Wilson synthesized the idea for this class while he was a doctoral candidate at Purdue University. He said he saw a rich diversity of opinion and background in every startup that he’s been involved with, but felt most traditional classrooms don’t reflect the ever-changing reality of entrepreneurship. That’s why he opened the class to non-business students– he wanted to challenge young people to think outside their comfort zones and encourage them to see problems from a new perspective.

“I think it’s really magical to see how a group of unknowns come together,” Wilson said. “The journey of it is always tricky and sensitive and confrontational, so it’s this bag of emotion. I enjoy watching students get lessons in the least expected corners of the class.”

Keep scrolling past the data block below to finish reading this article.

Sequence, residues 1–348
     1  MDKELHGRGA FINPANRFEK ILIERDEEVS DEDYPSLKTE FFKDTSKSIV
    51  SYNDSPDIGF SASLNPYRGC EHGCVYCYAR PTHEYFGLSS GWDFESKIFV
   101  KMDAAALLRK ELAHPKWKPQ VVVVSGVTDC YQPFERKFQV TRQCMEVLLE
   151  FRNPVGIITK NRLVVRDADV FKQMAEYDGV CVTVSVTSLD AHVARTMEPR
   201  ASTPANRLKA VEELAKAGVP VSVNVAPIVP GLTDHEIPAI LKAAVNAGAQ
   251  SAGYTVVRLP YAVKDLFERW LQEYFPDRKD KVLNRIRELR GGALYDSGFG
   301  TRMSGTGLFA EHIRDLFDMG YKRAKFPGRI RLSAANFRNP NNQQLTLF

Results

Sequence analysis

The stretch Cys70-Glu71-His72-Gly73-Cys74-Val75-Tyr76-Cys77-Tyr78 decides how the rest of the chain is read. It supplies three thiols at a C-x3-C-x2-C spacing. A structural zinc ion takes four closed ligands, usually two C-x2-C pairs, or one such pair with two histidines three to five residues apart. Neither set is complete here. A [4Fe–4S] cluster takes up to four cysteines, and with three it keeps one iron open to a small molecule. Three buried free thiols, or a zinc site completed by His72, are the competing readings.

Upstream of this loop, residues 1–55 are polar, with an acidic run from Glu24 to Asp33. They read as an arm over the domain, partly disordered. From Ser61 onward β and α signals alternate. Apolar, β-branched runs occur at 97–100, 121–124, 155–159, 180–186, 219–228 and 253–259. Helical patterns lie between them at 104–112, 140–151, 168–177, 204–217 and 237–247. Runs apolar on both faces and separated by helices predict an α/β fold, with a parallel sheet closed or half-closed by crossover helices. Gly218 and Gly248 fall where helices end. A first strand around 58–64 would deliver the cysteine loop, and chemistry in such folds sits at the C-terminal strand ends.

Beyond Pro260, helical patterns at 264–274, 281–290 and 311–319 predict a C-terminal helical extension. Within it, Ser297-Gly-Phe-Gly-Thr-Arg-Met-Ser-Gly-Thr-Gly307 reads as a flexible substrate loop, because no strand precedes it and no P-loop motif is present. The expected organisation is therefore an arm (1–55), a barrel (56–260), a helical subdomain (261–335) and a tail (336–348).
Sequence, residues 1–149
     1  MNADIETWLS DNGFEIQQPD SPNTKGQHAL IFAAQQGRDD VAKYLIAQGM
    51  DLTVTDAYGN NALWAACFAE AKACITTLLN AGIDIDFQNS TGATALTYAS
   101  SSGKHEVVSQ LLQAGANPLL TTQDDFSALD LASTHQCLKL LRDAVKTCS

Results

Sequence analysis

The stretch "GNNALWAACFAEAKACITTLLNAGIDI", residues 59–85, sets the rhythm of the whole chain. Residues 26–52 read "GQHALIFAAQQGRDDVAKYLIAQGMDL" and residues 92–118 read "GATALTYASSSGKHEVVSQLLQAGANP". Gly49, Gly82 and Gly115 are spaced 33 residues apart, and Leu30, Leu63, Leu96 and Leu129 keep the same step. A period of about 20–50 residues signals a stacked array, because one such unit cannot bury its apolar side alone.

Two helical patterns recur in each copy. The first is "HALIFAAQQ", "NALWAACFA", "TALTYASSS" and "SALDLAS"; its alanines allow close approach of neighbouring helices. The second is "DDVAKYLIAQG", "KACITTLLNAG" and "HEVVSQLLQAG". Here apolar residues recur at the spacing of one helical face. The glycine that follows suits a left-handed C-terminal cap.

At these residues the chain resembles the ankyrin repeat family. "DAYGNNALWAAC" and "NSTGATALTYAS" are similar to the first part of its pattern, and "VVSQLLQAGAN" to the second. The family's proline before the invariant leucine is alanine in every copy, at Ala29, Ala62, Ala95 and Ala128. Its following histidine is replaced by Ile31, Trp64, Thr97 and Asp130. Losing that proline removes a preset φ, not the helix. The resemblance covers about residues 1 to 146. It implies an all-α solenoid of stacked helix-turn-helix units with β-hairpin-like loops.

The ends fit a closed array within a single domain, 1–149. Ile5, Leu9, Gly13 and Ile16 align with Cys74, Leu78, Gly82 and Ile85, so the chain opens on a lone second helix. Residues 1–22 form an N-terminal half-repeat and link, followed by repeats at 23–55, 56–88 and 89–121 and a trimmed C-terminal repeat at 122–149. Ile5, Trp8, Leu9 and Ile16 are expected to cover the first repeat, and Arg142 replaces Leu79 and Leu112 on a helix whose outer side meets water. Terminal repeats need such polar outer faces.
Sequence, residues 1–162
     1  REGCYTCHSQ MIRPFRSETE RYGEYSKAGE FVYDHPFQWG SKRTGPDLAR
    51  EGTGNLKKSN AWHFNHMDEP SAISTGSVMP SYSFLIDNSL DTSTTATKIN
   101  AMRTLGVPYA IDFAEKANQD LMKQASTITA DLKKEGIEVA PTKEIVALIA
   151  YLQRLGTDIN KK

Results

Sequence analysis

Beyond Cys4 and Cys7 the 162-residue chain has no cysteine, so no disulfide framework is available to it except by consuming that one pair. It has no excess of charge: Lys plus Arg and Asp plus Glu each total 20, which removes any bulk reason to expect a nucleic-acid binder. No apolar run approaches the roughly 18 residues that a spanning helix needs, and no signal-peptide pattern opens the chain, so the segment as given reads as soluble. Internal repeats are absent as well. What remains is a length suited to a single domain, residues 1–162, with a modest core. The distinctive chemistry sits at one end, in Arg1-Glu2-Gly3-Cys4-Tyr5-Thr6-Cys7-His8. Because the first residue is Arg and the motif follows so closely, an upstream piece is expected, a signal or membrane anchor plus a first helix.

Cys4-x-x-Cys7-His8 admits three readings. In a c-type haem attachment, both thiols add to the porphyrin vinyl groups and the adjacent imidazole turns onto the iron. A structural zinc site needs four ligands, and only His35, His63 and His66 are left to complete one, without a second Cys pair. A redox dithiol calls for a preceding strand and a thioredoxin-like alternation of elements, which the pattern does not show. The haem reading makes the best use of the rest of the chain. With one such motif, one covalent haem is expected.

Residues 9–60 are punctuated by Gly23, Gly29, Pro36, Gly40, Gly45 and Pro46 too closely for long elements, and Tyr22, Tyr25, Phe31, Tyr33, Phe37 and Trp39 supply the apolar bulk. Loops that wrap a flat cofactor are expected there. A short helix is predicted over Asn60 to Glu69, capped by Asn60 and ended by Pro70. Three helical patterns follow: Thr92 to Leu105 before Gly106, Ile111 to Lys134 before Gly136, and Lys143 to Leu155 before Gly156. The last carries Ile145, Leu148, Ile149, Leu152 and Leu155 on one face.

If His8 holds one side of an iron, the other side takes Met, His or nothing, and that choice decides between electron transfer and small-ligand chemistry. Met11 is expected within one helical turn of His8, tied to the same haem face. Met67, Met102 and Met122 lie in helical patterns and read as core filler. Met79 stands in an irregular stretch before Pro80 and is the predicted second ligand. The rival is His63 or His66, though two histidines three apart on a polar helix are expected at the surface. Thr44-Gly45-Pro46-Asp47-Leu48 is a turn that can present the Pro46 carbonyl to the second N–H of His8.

Students in the polyineering class workshop their ideas as a group, working through the potential pros and cons their projects.

And it’s not just the students’ majors that differ. The group collectively speaks eight languages, plays eight instruments and holds a slew of different certifications, ranging from a BB&T Leadership Certification to a Marine Mammal Stranding Certification. The students come from backgrounds in business, science, engineering, technology and even zoology.

Bindu Sivakumar, who studied computer science as an undergraduate and is now pursuing her MBA in business analytics, said her background allows her to bring a more technical viewpoint to many of the class’s conversations. In turn, the longtime business students teach her how to better pitch her ideas.